Of North American birds, the Great Horned Owl is among the earliest to reproduce. After courtship in late fall to early winter, pairs nest and eggs are laid anywhere from November to May depending on the specific location within the species range. This species exhibits monogamy, and males assist in the rearing process by providing food for their mates and young. Great Horned and other owls rarely make their own nests, generally using old nests from other raptors. This saves the birds a good amount of energy expenditure. Observation of the brooding behavior of a Great Horned Owl and her two owlets from Skidaway Island, near Savannah, Georgia was afforded by a webcam. Hatching occurred on February 25th and 28th, and at the time of observation the owlets were 3 and 6 days old, helpless and blind. This is quite early in their development which takes approximately 50 days.

A mother Great Horned Owl sits atop its young while one protrudes.

The mother Great Horned Owl sits atop its young while one protrudes. Note the stored prey next to her. Image by Kevin Huolt


Observation began at 8:27 pm local time. The mother was engaged in feeding what appeared to be the oldest owlet from a rat or similar prey item. The mother tore off strips of flesh and fed them to its young by transferring it from beak to beak. Around the perimeter of the nest, which was expropriated from a bald eagle pair, lay five other rodent carcasses. Great Horned Owls store food at their nests in this way, facilitating feeding of owlets as necessary. The mother used its talons to grip the prey while feeding its young. The mother also fed from this same rodent during the feeding process. During feeding the mother regularly observed the surrounding golf course, swiveling its head from atop its dead, 23 m tall Loblolly Pine. Great Horned Owls lack normal nocturnal predators, however the young are vulnerable if the parents are absent. Other raptors can pose a risk to adults and nests during the day, and during this period keen observation is essential in protecting territory and young. In particular, Red-tailed Hawks, and Golden and Bald Eagles are all known to prey on Great Horned Owl young, and occasionally adults. Violent interactions between these predatory birds often appears protective against nest raids by the other species.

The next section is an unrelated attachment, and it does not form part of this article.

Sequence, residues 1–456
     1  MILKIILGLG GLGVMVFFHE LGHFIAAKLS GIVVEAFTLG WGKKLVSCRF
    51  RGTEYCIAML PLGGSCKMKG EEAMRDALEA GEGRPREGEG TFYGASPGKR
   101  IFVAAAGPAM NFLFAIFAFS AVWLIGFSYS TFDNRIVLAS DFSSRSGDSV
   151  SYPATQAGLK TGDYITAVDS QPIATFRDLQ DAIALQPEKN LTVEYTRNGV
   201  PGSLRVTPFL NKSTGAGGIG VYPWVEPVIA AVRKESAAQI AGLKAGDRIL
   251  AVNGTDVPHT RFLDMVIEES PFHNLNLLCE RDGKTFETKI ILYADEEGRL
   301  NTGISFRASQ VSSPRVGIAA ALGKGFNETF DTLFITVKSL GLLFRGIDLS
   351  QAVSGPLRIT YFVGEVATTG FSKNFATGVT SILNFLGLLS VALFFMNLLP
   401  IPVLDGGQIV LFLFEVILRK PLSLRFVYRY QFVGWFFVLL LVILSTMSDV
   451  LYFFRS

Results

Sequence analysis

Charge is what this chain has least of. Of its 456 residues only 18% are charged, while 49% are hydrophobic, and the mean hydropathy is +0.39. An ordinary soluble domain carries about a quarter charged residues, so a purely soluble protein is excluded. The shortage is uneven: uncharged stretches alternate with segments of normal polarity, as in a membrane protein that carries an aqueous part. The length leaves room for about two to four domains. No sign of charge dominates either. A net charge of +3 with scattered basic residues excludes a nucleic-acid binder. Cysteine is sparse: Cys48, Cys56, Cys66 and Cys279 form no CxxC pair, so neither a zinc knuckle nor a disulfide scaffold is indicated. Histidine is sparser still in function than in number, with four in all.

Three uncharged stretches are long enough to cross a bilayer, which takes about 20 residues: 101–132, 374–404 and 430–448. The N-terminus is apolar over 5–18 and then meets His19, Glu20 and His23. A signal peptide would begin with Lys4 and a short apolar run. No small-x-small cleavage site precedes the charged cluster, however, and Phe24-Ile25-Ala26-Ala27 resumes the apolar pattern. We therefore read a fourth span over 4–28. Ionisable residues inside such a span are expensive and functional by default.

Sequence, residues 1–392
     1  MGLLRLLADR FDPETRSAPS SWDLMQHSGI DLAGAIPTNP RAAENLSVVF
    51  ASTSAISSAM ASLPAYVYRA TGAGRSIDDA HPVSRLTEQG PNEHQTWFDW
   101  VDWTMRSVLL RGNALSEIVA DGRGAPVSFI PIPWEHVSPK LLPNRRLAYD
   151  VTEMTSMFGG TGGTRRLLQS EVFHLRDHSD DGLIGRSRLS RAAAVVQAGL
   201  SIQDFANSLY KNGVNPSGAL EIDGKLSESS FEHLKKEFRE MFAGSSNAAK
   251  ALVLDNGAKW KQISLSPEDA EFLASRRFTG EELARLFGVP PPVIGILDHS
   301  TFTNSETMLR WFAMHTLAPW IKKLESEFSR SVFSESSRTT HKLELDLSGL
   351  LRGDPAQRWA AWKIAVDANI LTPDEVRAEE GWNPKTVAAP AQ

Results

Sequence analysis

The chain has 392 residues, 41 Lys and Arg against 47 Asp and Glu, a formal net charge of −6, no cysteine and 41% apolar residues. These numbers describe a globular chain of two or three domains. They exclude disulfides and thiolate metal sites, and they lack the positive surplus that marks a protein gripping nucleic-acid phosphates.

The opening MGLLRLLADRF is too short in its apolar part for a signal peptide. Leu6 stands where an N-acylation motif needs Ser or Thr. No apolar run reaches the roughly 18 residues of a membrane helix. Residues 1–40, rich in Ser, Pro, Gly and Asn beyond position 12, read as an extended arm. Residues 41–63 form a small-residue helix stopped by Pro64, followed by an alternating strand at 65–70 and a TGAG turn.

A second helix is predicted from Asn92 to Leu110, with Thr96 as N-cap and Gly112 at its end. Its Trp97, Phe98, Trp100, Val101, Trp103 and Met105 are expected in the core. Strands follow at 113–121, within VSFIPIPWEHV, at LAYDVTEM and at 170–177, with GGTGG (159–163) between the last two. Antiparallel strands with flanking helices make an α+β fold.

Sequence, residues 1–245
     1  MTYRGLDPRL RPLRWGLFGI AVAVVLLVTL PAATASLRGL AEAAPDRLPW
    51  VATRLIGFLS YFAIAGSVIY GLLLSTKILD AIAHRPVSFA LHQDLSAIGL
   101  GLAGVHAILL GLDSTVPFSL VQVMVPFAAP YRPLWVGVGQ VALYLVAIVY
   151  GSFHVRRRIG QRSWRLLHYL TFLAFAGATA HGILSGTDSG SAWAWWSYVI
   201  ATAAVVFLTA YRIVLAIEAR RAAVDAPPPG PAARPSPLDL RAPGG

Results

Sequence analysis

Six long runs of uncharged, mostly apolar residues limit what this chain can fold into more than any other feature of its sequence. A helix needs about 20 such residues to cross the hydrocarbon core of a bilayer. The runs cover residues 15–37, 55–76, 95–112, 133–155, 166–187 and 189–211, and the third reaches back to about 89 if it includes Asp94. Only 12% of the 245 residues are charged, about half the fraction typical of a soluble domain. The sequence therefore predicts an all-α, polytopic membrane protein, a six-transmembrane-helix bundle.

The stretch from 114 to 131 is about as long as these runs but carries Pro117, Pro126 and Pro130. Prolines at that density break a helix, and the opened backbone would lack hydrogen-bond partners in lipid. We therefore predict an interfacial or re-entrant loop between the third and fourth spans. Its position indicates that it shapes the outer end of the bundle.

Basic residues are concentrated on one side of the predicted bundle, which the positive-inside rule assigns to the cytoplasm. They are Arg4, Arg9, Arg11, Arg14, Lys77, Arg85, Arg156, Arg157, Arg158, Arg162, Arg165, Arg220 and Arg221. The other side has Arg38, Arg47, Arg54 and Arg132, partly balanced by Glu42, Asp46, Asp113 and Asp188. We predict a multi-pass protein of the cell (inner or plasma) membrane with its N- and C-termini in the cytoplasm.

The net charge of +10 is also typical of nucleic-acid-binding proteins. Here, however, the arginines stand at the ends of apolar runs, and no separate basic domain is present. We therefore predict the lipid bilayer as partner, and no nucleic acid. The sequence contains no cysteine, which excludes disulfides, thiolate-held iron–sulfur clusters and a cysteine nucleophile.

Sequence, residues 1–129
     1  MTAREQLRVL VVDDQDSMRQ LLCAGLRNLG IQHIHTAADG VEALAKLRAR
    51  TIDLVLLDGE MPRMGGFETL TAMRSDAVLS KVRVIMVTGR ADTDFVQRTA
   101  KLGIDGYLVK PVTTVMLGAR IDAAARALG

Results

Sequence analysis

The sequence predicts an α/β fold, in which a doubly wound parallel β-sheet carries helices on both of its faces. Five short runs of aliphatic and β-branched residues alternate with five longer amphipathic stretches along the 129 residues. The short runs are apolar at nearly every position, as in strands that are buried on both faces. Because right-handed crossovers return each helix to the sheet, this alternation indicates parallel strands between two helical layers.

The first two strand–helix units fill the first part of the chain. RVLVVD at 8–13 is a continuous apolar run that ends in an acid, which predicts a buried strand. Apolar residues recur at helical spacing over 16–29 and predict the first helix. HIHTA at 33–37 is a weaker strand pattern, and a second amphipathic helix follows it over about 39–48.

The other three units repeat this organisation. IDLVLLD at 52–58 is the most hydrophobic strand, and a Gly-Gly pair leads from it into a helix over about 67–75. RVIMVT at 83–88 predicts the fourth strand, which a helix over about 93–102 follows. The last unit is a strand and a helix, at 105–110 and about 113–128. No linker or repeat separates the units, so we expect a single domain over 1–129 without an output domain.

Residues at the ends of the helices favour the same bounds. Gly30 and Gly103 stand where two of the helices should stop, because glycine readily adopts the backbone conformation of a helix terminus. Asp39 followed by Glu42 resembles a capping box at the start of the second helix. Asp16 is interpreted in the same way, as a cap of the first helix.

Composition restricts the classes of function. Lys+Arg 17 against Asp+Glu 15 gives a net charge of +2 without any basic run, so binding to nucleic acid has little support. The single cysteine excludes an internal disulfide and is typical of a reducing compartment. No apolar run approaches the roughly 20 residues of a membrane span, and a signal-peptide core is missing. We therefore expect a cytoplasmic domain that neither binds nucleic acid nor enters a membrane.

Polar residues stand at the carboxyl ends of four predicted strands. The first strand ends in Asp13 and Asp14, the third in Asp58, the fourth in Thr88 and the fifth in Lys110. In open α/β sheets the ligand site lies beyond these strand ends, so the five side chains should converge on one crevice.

At 8:33, feeding ceased. The mother pulled the owlets back under itself by moving forward while ruffling its feathers, and subsequently moving backwards toward the owlets. This behavior ensure the owlets are next to the mother’s skin and surrounded by feathers for warmth. This behavior resembles fixed action patterns observed in other nesting birds. The mother preened herself while sheltering the owlets from the weather (14.4 ˚C), which developed into rain as time progressed. After a few minutes (8:36) the mother repositioned herself over its young and puffed its feathers against increasing winds. The mother began to rest, closing its eyes for 15 minutes. After this it resumed its observation of the environment and occasional puffing of its feathers.

At 9:16, one of the owlets freed its head from under its mother, perhaps hungry. The mother did not feed the owlets again until 21:30. This feeding involved both owlets, and was somewhat different than the first feeding. While the mother teared strips of food from the prey and fed her young as before, she also held the rodent in her beak and seemingly allowed her owlets to attempt to tear strips of meat from the prey without her assistance. The owlets appeared to nibble at the food, but did not appear capable of feeding in this way yet. While this feeding was occurring, the mother positioned her talons so as to surround her owlets, while ensuring not to harm them. This feeding session concluded with the mother swallowing the remaining portion of the rodent.

Mother owl contains her owlets between her talons during feeding.

Mother owl contains her owlets between her talons during feeding. Their eyes have not yet opened. Image by Kevin Huolt

Great Horned owls, along with other owls and most raptors, do not synchronize the hatching of their eggs as do most birds. It has been speculated that this behavior reduces foraging stress on parents by staggering development. In this case the owlets age differed by three days, and a size difference was notable. Further speculation posits that this staggered hatching allows for fratricide in the event of a food shortage. If nestlings were the same age, this could not occur efficiently and all young would starve. This would reduce fitness. The evolution of asynchronous hatching in birds of prey is not surprising when considering the often cyclic population dynamics of its common prey species.

The area of this particular nest is abundant with prey, and it is likely that these two birds will both be reared to a juvenile stage successfully.